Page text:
He received Obie Awards for Sister Mary Ignatius, The Marriage of Bette and Boo and Betty's Summer Vacation. He received a nomination for a Tony Award for Best Book of a Musical for A History of the American Film, and he won a Tony Award for Best Play in 2013 for his play Vanya and Sonia and Masha and Spike.

Durang has been awarded numerous fellowships and high-profile grants including a Guggenheim, a Rockefeller, the CBS Playwriting Fellowship, the Lecomte du Nouy Foundation grant, and the Kenyon Festival Theatre Playwriting Prize.

He is a member of the Dramatists Guild Council. He was also a finalist for the Pulitzer Prize in Drama in 2006 for Miss Witherspoon.

On May 17, 2010 he was presented with the very first Luminary Award from the New York Innovative Theatre Awards for his work Off-Off-Broadway.

He was awarded the PEN/Laura Pels International Foundation for Theater Award in 2012. That same year, he was inducted into the American Theater Hall of Fame.[14]

References[edit]

  1. ^ "Juilliard. I got into Juilliard". Chelsea Days. June 5, 2014. Retrieved November 19, 2018.
  2. ^ "Christopher Durang Biography (1949-)". FilmReference.com. Retrieved November 19, 2018.
  3. ^ Dunlap, LucyAnn (August 17, 2005). "A Play That Asks, 'What Happens After?'". U.S. 1 Newspaper. Retrieved November 19, 2018. He wrote his first play at age eight. His Catholic grammar school cancelled class one afternoon and put on his play. Later while he was attending Delbarton School in Morristown, he and a friend wrote two musicals, 'Banned in Boston' and 'Businessman's Holiday.' You won't find these in his collected works but they certainly suggest a young man with an active imagination and a penchant for writing.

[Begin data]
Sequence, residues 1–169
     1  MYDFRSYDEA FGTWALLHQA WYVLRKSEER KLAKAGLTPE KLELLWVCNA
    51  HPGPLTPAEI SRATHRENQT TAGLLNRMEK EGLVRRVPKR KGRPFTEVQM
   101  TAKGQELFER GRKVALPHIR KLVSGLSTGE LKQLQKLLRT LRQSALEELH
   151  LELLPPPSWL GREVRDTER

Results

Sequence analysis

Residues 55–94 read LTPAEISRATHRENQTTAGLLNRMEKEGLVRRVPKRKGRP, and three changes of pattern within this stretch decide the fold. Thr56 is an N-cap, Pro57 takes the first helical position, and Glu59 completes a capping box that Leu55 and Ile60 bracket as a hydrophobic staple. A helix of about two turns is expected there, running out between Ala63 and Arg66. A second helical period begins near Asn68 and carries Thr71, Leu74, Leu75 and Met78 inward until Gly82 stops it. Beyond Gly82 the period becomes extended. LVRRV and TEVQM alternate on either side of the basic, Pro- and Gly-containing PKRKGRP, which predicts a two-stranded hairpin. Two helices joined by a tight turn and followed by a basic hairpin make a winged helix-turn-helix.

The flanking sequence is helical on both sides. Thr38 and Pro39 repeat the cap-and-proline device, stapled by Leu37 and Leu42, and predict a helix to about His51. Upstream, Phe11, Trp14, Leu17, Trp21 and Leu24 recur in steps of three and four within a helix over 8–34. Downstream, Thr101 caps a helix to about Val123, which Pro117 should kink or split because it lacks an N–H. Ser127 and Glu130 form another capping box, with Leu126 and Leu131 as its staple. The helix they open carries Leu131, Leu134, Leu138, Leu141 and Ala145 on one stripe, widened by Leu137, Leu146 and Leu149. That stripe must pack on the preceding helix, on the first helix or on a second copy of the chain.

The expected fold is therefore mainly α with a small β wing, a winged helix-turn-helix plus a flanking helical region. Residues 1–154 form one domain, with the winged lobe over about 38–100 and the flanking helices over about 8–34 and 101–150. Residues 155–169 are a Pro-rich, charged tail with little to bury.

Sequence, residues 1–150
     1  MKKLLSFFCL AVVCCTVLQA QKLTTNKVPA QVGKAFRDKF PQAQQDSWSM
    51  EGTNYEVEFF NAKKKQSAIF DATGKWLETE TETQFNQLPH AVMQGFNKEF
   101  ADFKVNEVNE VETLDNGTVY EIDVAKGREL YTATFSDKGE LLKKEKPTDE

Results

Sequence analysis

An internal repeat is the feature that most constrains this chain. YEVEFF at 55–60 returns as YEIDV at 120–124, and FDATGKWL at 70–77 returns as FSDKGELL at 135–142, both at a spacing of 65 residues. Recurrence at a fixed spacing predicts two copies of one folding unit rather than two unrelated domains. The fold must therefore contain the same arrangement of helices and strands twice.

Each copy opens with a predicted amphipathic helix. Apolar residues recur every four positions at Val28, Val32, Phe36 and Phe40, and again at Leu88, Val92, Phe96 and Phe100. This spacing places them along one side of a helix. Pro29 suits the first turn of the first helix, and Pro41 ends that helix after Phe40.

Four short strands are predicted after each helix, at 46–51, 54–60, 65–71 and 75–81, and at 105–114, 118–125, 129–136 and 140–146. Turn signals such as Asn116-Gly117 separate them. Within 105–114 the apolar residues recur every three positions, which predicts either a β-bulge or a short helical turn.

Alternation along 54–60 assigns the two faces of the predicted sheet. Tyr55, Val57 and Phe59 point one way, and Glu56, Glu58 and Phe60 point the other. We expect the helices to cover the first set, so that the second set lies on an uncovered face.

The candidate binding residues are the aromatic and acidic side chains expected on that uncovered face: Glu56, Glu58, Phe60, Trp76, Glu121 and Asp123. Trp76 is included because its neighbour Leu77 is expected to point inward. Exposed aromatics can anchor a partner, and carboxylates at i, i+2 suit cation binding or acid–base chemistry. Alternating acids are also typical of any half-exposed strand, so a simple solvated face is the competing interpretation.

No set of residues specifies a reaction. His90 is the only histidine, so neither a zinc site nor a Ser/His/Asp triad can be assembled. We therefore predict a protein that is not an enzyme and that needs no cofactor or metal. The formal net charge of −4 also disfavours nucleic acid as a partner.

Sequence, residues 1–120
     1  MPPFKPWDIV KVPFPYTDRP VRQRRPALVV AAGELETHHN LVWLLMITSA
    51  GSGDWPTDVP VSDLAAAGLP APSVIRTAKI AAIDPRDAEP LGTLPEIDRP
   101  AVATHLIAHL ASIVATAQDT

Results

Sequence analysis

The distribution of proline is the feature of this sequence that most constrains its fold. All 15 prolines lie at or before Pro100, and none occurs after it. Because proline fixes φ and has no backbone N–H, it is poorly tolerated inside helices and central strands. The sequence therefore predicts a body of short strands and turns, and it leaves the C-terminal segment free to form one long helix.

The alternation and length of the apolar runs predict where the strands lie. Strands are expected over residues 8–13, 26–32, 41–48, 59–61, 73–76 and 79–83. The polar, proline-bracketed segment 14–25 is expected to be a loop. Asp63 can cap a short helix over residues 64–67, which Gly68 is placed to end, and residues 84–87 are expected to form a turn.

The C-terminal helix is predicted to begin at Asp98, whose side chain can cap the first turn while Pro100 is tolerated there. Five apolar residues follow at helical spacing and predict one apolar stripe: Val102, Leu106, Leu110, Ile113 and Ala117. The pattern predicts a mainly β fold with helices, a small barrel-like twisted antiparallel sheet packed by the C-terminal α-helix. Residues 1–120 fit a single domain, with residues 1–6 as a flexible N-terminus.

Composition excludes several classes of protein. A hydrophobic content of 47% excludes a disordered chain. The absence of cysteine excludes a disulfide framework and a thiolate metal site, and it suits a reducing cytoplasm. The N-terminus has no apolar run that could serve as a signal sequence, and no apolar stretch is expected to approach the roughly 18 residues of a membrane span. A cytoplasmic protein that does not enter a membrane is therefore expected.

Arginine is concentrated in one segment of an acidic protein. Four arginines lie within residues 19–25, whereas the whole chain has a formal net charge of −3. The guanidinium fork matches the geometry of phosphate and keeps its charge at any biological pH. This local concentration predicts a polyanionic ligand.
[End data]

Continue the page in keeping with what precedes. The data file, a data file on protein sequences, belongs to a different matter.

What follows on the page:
4. ^ Dinitia Smith (November 26, 2005). "Christopher Durang Explores the Afterlife, Including His Own". The New York Times. Retrieved November 19, 2018.
  5. ^ Naila, Francis (2014-07-17). "Erwinna playwright Durang takes the stage in his Tony-winning play". Burlington County Times. Archived from the original on 2021-06-20. Retrieved 2021-06-20.
  6. ^ Brantley, Ben (November 14, 1994). "Durang Durang: Plays That Cast as Irreverent Eye Over Two Revered Playwrights". New York Times.
  7. ^ a b Chirico, Miriam (2020). The Theatre of Christopher Durang. Methuen Drama. pp. 12–13.
  8. ^ Gholson, Craig (Summer 1987). "Theater: Interview — Christopher Durang". BOMB Magazine. 20.
  9. ^ "Christopher Durang". Internet Broadway Database. Retrieved November 19, 2018.
  10. ^ Durang, Christopher (1995). Christopher Durang: Complete Full-Length Plays, 1975–1995. United States: Smith and Kraus. p. 212. ISBN 9781575250175.
  11. ^ Baltake, Joe (June 5, 1990). "Actresses bring right spirit to this odd-couple comedy". The Sacramento Bee. p. 57. Retrieved July 4, 2021.
  12. ^ Durang, Christoper. "Longer One Act Plays (between 30 and 60 minutes)". ChristopherDurang.com. Retrieved November 19, 2018.
  13. ^ Levitt, Hayley (March 15, 2013). "Flashback Friday: Who Knew? Sigourney Weaver and Chris Durang Had a German Phase Before Vanya Made Them Russian". TheaterMania.com. Retrieved September 6, 2015.
  14. ^ Gans, Andrew; Gioia, Michael (September 24, 2012). "EXCLUSIVE: Betty Buckley, Sam Waterston, Trevor Nunn, Christopher Durang, Andre Bishop Among Theater Hall of Fame Inductees". Playbill. Retrieved November 19, 2018.

External links[edit]